It’s May of 2014 and our insurance and registration was due once again.  Off we went on Wednesday in the early morning hours to Chitre to pay our insurance, hoping to have time to hit the revisado on the way back through Las Tablas.  Renewing the insurance was pretty simple once again this year.  We present our old policy, the young woman enters our information into her computer which spits out a new one and with a much lighter wallet we’re out the door.  We did several other errands and were in Las Tablas on time for lunch.  (I’m going to skip the lunch part because both of us agreed it was the most disgusting meal that we’ve ever eaten in Panama.  We were really disappointed with a notable burger place near the revisado office that is usually very good.)

The revisado process was quite easy this year now that we know how it works.  There was one other person ahead of us so we hit the jackpot and didn’t have to wait long.  Here’s a tip; make sure to avoid pay days because everybody and their Chihuahuas are in there.  While SU was in the back getting the pictures of the vehicle taken I could hear faint murmurs of the señora in her office speaking on the telephone and heard “Pedasi” several times.  Of course that made me a little concerned thinking that we had spent all this money to change the registration documentation last year and the plates hadn’t been transferred.

When SU came back and we paid our $15.90 for the revisado I looked at the paper that we were presented for our plate pick up.  It clearly indicated that the vehicle was registered in Panama.  I asked the lovely señora if the change had gone through and if we were able to pick up our plates in Pedasi.  She assured us that yes, there was an error on the paper but our plates were at the municipal office in town.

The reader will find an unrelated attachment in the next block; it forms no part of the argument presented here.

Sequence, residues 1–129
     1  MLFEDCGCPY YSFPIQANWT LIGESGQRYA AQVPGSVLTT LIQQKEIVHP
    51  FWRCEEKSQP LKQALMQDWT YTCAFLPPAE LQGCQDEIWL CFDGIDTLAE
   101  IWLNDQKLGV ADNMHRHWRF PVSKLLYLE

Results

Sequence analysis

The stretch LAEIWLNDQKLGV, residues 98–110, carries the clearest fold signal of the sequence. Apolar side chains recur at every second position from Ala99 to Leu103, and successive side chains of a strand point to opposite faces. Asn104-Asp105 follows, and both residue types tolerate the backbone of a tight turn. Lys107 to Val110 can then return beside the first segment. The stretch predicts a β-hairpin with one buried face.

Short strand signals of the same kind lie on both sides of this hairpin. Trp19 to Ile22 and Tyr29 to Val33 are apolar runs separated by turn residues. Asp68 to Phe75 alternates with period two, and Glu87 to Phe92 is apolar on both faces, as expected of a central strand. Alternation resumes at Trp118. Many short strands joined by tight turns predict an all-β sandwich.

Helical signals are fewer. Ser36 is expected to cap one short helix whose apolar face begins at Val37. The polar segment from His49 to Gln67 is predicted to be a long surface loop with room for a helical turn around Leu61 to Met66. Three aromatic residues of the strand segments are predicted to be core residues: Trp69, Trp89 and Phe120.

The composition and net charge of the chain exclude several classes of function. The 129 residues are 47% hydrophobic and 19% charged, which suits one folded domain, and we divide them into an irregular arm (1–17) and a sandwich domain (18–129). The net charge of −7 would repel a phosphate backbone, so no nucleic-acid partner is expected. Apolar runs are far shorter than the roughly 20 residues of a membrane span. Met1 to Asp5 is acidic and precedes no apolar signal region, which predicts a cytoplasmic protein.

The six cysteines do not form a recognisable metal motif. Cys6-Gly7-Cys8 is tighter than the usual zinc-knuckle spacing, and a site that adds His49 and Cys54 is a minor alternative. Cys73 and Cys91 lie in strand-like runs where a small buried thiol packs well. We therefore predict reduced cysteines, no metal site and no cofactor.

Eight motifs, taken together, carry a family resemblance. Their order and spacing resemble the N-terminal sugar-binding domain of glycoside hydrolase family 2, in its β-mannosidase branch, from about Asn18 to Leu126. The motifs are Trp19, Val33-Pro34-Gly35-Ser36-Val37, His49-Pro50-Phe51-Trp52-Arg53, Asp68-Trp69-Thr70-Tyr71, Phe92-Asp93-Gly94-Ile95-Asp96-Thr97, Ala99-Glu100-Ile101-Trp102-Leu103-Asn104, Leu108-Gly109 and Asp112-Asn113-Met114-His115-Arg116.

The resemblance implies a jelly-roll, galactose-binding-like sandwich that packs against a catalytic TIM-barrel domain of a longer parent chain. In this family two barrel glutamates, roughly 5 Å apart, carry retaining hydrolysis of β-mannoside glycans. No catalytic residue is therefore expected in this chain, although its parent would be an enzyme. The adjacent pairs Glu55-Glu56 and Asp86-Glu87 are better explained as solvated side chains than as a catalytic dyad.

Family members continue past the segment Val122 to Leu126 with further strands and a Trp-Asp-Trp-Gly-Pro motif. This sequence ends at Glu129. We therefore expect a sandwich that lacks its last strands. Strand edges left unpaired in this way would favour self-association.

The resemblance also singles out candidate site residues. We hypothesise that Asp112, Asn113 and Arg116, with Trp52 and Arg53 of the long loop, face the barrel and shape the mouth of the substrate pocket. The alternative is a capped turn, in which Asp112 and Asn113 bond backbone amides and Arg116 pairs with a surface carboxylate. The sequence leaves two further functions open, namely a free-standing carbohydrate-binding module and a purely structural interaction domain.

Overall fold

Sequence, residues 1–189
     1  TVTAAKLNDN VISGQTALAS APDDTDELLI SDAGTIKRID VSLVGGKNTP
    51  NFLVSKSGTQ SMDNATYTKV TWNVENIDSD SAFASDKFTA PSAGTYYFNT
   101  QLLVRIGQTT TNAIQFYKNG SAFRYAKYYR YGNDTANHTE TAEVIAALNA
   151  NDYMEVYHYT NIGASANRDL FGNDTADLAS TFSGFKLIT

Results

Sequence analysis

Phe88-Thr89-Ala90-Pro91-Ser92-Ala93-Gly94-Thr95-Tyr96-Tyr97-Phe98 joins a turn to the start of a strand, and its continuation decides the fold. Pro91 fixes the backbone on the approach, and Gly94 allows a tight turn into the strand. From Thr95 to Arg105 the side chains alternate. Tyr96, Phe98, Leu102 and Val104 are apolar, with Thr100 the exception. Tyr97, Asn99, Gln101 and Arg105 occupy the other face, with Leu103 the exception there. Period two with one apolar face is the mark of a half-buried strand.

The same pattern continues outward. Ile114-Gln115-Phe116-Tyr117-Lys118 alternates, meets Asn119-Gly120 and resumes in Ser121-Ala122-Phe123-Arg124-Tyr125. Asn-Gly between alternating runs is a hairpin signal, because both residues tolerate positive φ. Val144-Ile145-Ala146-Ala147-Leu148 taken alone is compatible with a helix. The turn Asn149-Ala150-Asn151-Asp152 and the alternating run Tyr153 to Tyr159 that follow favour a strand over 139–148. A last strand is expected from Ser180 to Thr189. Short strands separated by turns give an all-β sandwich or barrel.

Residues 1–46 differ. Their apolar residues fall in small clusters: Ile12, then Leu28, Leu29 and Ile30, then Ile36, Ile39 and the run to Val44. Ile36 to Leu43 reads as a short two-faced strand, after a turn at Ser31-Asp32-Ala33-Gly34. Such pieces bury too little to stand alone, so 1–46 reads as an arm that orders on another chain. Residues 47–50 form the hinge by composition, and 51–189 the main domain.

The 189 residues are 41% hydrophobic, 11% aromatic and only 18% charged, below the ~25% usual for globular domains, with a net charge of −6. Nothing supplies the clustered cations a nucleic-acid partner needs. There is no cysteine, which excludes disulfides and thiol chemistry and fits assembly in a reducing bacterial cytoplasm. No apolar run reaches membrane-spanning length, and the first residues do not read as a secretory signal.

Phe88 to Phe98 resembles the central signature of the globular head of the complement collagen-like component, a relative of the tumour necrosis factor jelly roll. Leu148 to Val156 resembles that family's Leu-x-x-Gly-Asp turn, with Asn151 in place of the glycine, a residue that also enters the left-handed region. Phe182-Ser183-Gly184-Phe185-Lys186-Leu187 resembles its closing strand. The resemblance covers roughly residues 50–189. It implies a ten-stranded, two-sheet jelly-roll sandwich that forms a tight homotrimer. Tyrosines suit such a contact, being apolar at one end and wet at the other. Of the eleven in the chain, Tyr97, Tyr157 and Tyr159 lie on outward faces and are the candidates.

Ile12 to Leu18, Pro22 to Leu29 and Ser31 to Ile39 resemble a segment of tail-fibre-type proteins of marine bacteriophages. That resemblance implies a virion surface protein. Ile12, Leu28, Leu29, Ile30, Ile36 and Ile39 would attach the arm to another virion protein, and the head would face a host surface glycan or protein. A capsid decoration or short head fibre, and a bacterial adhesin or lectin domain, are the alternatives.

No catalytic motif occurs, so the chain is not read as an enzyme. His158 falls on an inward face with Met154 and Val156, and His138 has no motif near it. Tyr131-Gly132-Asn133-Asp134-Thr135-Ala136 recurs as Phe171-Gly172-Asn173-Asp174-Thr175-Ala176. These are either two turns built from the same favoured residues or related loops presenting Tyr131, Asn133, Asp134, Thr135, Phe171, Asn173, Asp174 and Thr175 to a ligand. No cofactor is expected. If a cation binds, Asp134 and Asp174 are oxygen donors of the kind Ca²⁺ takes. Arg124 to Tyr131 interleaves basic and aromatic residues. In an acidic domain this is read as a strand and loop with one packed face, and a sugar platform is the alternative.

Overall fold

Still being a little apprehensive, after SU helped me put the shopping away he went off to see if he could pick up the new plates. Score! He returned happily waving them in the air!  We’re quite puffed up that we maneuvered our way on our own through a little more of Panameño red tape, in the campo.


Panama…that’s where we are. No provincial plates for this country.


I wondered what this blue spot was. Now I know, it’s commemorating the completion of the Metro in Panama. Not much use to us in the campo though.

 Would you like to read more stories about license plates?  Here’s a few:



All legal for another year!

About indacampo

You'll find me at blogging about Panama...and other things.
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7 Responses to Yep, Got the SUV All Legal

  1. Bongo says:

    It’s fun to hear how things are done in other parts of the world. Thanks for linking to my post.

  2. Karen Ama Panama says:

    I thought maybe you would’ve gotten a vanity plate that said “indacmpo” LOL! Do they even have those there? So many great things to learn from other people. Thank you for sharing.

    • indacampo says:

      They do have vanity plates here. I’m not sure what they charge for them. It’s difficult enough maneuvering to get a regular plate though…not sure I’d want to try it. LOL!